Monday, May 2, 2011

Interview: Joshua Reynolds

The Facebook face of Joshua Reynolds...
is he man or beast?
Joshua Reynolds is the author of The Far Deep from Historical Lovecraft. His story can best be summed up as a mixture of John of Austria dancing, a knight and his man-at-arms fighting Turks and undersea monstrosities, and witty dialogue. If your first thought upon reading that was that you should go read the story, you'd be correct. If your second thought was that Joshua Reynolds would give a completely dry and serious interview, you would, alas, be wrong.

1. What should readers think when they hear Joshua Reynolds? Why should they sprint to the nearest bookstore/online bookseller/ezine and read everything you've written?

Ideally they should think ‘Hey, I ought to buy that!’, but since that’s not likely I’ll simply say that I write stories about steampunk cyborgs fighting werewolves on the moon in between blatant Lovecraft pastiches and the occasional heartwarming story about Aztec detectives and Italian spies fighting midget assassins dressed as chimney sweeps.  If any of that sounds good, you’ll enjoy my stuff.  If not, well…buy it anyway.

2. What about Historical Lovecraft intrigued you?

Well, the title for starters…it’s got two words I love to hear attached to anthologies-‘Historical’ and ‘Lovecraft’. And it’s a good fit…Lovecraft was all about the weight of history and ancient evils and centuries old secrets.

Also, people with additional melanin content in their epidermal composition being on his lawn and/or looking at him funny. But let’s just concentrate on the former, shall we?

3.  What's your favorite story in the collection (that is not, to avoid awe inspiring amounts of narcissism and/or nepotism, written by someone in this email conversation)?

It's a toss-up between Nelly Geraldine Garcia-Rosas' "Ahuizotl" and Aaron Polson's "Ngiri's Catch". 

4.. How did you choose the Battle of Lepanto? Is it something you've always known about, or did you research it for the story?

Both, actually! I’m a sucker for history, especially as it relates to the Mediterranean, and Lepanto was a focal point of several books I was reading at the time. It was one of the largest naval battles in history with a cast of characters that would make Joe Abercrombie and George R. R. Martin weep with envy. It had pirates, zealots, knights, pirates, cannons, pirates and pirates. 

Did I mention the pirates?

5. How important was historical accuracy to you when writing?

It ranges from ‘Very’ to ‘Historical what now?’ depending on the story. Honestly, I’ve come to believe that the concept of historical accuracy is, at best, wishful thinking. Every time we learn something new about the past, it changes what is considered ‘accurate’. Basically, as long as you’ve got the big generalities right, there’s little reason to sweat the small stuff.

6. What're your general writing process?

First, I turn on the computer. Then I stare at it blankly for ten minutes or so. Then I start writing. That’s it really…it’d be nice to have a process, but really, I just write until the story is finished. Then I move on to the next story.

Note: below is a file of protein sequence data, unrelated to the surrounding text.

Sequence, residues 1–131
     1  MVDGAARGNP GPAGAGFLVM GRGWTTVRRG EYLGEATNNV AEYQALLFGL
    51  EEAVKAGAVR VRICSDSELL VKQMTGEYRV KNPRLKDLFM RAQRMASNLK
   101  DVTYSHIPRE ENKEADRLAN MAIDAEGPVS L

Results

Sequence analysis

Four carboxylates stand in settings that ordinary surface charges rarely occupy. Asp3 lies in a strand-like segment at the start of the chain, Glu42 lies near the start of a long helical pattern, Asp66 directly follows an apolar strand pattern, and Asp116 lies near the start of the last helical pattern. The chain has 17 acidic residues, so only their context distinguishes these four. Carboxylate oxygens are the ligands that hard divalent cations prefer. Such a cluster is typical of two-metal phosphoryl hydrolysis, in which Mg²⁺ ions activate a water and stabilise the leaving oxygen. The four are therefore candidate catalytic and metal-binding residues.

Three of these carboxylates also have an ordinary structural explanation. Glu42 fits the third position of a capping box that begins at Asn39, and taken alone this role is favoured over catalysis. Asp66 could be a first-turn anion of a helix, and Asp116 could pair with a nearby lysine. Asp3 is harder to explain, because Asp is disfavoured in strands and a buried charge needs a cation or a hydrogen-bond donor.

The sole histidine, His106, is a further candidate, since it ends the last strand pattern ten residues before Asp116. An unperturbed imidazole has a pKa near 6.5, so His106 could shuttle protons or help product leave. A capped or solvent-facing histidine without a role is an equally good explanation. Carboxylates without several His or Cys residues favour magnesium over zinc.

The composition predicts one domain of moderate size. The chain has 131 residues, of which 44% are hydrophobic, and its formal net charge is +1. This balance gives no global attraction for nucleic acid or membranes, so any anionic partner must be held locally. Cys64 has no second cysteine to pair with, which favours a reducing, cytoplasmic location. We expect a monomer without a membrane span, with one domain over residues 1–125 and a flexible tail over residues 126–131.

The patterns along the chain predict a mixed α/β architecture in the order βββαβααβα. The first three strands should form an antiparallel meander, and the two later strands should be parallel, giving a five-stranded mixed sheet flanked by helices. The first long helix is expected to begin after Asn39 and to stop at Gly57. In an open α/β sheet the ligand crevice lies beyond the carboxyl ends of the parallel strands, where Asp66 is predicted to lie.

7. Do you have anything coming up to keep an eye out for?

Well, if you really want to know…besides a number of short stories appearing in various anthologies and magazines, I’ve got two books coming out later this year. The first, from Airship 27/Cornerstone Books is called THE MARK OF TERROR and features Jim Anthony, Super-Detective, an old public domain pulp character, going up against a cult of killers who worship the ancient Greek god of terror. The second, from Pulpwork Press, is called DRACULA UNBOUND!-it’s a sequel to my novel DRACULA LIVES!, released in October of last year.

Oh, and in 2012, the Black Library will release KNIGHTS OF THE BLAZING SUN, my first (and hopefully not the last) tie-in novel for that company. 

8. What's your dream publication?

My dreams are crass, mercenary things so I’m going to say one that pays me more money than is entirely ethical in today’s economy.

Seriously, I want to roll naked in a pile of cash. Any publisher that can make that happen is the corporate entity of my small, sad dreams.

9. What's your advice to someone trying to publish short stories?

Ha! First, find someone both smarter and more successful to ask that question of. Second, it’s dead easy to get published…just write and submit. Repeat ad infinitum, ad nauseum. Third, when an editor asks for changes, don’t argue, especially if there’s a paycheck in it.

Really, just write. And write. And write. Keep writing until you sell something, and then write some more. Write what you want to read, and what you hate to read and what editors ask for and what seems to be the current ‘thing’. It all works, as long as you write and submit.

10. Favorite Lovecraft tales?

“Pickman’s Model” is the big one. I also like “The Dunwich Horror” and “At the Mountains of Madness”. Oh, and “The Hound”. Flying bat-dog-zombie-sorcerers are awesome!

11. Let’s say you meet someone who’s never read horror, but is curious about the genre. If you had three books to try and convert them, what would you give them?

Ooh, tough one. Lessee…THE HAUNTING OF HILL HOUSE, by Shirley Jackson. THE GRIN OF THE DARK, by Ramsey Campbell.  Aaaaand THE RED TREE, by Caitlin Kiernan. If I had four I’d toss in something by Guy N. Smith just for contrast.

12. Any final words?

I was once bitten by a camel. It’s an experience that still haunts me to this day. 

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